I'm not a fan of non-standard spelling to convey dialect (that's SO 19th Century). It's confusing, and often discriminatory (why spell certain speakers' words phonetically and not others, when English spelling is not phonetic?).
But how then do we convey when a speaker or a POV character have a distinctive way of speaking? Let's say she's Irish, or from Chicago, or he's a 2nd Century Roman warrior?
First, I think, we have to do our research. We have to get enough experience with the rhythm of this speaking culture's sentences and the lingo to convey it accurately. But then, we should cut back (usually). Even without spelling irregularities, "authentic" dialect can put off readers. After all, that Roman warrior spoke Latin. We're already "translating" his speech into English, so we want to give a flavor without choking the reader.
I've been thinking of what constitutes a flavor. First, the rhythm of the sentences can give a flavor of the speaker's culture. There's an old book called English as We Speak It in Ireland which gives examples of sentences only an Irishperson would say:
I went to town yesterday in all of the rain, and if I didn't get a wetting, there's no cottoner in Cork. (That is, he got wet.)
An illigent song he sang, I'll go bail.
The author (PW Joyce) remarks that Irish English uses negation (if I didn't), stock phrases (I'll go bail), and reverse order (putting the object first -- An illigent song he sang) for emphasis. This is not a dialect that honors Struck and White's edict to "use no unnecessary words," or rather, the Irish don't think there are unnecessary words!
Read in the vernacular to pick up the sentence rhythm. Watch films and TV shows =made= (not just set) in the culture. For historical settings, read books written then (you might have to read in translation, of course) or plays that would have been performed then.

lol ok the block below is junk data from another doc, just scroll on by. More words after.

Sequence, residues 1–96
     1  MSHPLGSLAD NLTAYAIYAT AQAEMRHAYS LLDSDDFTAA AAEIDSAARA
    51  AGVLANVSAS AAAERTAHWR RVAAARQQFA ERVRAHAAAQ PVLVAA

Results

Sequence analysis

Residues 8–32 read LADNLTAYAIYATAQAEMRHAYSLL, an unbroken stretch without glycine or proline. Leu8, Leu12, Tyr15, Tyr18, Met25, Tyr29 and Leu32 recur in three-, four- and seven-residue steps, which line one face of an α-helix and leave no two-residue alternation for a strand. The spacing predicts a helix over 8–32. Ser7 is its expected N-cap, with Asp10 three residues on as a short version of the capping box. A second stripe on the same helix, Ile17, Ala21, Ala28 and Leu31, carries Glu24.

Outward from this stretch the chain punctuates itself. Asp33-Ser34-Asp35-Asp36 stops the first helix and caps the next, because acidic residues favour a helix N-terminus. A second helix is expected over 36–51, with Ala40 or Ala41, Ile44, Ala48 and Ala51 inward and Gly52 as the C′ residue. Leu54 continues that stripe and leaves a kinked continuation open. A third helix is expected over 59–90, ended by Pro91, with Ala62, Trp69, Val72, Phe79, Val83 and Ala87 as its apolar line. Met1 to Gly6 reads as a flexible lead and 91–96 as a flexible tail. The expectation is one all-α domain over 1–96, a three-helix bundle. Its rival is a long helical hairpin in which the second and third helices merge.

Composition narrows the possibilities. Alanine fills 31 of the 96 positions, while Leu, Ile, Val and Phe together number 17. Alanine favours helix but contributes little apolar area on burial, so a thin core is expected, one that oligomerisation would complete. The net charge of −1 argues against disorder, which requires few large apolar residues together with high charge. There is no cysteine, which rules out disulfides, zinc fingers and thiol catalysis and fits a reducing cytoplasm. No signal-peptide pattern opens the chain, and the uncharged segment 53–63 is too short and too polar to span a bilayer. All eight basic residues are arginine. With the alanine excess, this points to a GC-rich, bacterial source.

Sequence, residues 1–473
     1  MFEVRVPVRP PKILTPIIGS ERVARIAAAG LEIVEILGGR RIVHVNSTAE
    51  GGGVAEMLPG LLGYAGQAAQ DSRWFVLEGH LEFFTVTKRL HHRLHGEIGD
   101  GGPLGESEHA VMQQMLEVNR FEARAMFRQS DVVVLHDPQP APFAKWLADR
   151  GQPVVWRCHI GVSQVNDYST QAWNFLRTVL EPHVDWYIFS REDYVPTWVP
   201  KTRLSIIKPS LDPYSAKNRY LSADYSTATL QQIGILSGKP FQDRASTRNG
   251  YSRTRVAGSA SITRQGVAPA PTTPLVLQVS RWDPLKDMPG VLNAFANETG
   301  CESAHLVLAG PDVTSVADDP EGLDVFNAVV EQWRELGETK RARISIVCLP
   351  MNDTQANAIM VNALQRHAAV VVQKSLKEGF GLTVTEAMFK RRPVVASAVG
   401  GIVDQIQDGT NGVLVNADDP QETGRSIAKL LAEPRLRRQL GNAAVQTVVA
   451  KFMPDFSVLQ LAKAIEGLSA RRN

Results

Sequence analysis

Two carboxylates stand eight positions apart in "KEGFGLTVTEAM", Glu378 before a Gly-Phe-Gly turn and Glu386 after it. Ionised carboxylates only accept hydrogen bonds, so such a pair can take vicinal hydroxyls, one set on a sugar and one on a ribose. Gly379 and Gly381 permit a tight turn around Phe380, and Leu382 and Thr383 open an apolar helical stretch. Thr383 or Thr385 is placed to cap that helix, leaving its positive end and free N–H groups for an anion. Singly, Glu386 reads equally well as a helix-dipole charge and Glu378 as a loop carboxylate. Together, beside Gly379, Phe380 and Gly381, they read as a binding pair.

(The British filmmakers, you know, are famous for making everyone else, especially Romans, sound English. Not just speak English, but sound it. All the rich Romans sound like Lord Olivier, and all the poor ones sound Cockney, like the Artful Dodger.)
But also, there are certain words or types of words that can be used without confusing the reader or making the character opaque. Here are some I've thought of, but please add!
Variations of "you". This, far more than "I", for some reason, marks a dialect quite precisely. Any linguist who hears "youse" knows the speaker is from the Great Lakes-Midwest (probably Chicago). "You-uns" is Pennsylvanian.
What others have you heard? When would you use them? What about our Roman warrior, who doesn't speak English, but must be presented as speaking English?
Curses and other angry expletives: Even if the reader doesn't know what the word means, the placement and the context will make it clear that "glupak!" is a curse word. Spelling can distinguish dialects when you're dealing with English speakers:
Wonder words: These are words that seem to erupt spontaneously, and because they're spontaneous, they're going to give a sense of the character's background. You can do this is the actual language if the character is foreign. Examples: